The purpose of this lab was to discover the "spin factor", gs, of an electron buy finding its resonance frequencies in a magnetic field.
We excite electrons with a Radio Frequency generator and place them in an external magnetic field. Observing the energy levels with an oscilloscope, when we see a dip in energies, thats where the electron has aligned itself with the field (thus observing the spin orientation)
For a detailed procedure and pictures of the setup please see my lab notebook F08:People/Le/Notebook/071105#Procedure
We measured the frequency of the RF generator and the current going through the Helmholtz Coils to find the magnetic field. Graphing the frequency vs the strength of the magnetic field, and then taking the slope, we can find the gs factor
We found the number to be 1.68±.021SJK 00:16, 4 December 2007 (CST)
Comparing our number to the accepted value of 2.0023
%error = 15.8
Possible Sources of Error
- The Helmholtz coils may not have been aligned exactly parallel. One may have been higher than the other. Also, the lab notebook wanted then 1 radius apart, but the best we could do is have the stands touching each other as the closest spot
- This could mess up the uniformity of the B field
- The Helmholtz Coils get hotter as the current flows in them, changing their resistances, possibly changing the B field
- The RF coil had to be in the middle of the B field (where the field is most uniform) but could only be in about 40% of the way (since we could not separate the coils to make more room).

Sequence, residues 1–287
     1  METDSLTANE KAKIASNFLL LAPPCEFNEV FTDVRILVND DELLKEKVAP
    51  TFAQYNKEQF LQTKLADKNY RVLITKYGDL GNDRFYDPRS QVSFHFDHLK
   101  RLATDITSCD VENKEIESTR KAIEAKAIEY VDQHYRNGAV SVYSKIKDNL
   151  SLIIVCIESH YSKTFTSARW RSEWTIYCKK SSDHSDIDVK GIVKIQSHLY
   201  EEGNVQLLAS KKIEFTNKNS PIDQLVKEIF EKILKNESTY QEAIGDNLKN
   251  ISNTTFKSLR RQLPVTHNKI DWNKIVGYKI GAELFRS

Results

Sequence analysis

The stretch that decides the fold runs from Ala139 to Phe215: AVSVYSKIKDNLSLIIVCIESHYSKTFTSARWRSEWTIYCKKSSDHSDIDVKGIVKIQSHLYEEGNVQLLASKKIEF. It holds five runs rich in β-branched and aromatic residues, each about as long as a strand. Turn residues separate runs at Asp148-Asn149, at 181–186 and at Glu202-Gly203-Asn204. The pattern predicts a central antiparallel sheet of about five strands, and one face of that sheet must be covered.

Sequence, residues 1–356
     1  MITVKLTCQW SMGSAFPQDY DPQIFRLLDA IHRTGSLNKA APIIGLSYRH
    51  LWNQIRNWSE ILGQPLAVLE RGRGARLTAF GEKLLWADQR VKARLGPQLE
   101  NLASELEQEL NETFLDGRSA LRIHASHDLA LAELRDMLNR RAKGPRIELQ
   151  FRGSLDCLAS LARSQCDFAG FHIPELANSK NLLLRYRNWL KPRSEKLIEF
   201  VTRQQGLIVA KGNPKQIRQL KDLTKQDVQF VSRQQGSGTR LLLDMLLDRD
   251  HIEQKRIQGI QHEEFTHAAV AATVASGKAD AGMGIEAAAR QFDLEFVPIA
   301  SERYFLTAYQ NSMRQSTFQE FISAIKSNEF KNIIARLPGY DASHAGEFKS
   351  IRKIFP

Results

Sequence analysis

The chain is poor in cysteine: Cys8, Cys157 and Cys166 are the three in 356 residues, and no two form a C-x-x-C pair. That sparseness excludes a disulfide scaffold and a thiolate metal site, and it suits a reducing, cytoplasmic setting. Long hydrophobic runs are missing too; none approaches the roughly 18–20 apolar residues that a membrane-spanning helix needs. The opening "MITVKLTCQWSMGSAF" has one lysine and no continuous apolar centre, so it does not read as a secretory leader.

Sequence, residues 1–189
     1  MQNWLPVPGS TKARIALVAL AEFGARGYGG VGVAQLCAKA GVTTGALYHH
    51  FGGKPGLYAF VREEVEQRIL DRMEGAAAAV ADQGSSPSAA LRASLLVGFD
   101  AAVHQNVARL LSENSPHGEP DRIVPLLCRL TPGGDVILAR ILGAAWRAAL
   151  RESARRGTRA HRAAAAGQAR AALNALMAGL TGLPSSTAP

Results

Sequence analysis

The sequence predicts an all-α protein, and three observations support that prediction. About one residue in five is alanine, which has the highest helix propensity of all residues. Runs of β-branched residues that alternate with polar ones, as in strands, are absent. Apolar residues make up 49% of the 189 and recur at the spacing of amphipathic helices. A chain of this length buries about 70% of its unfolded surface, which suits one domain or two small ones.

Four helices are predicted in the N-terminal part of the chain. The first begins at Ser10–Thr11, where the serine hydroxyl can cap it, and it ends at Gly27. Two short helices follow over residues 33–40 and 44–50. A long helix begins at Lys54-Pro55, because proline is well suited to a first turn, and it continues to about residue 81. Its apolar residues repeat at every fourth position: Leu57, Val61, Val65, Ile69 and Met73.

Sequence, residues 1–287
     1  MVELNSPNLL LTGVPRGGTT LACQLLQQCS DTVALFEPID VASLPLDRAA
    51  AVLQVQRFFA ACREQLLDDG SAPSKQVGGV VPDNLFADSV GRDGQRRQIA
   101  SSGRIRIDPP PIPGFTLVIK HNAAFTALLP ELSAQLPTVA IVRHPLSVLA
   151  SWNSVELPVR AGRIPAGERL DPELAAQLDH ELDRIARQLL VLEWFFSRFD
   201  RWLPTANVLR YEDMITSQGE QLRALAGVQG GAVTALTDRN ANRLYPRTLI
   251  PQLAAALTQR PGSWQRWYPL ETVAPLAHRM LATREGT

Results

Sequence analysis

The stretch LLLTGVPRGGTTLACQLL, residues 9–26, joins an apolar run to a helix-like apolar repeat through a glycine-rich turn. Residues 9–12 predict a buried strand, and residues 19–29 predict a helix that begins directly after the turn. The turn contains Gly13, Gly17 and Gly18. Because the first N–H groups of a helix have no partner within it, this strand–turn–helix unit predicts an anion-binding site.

- The RF coil is metal, which attracts B fields, which could have skewed the field itself
- The Earth's and surrounding electronics' B fields could interfere with the Helmholtz's (although it is assumed that the coils' field is strong enough to negate any outside fields).
- Calibrating the oscilloscope and making sure the graphs lined up required alot of "eyeballing" which may lead to human errors
The experiment was the most complex one I have done to date. Just setting up the circuit was a task. The results came out fairly well, after we got the hang of taking measurements.
Since I feel that most of the error comes from the perturbation of the magnetic field, larger coils will produce a larger, more stable magnetic field, and allow the coils themselves to be placed further apart to allow the RF coil to be more in the middle.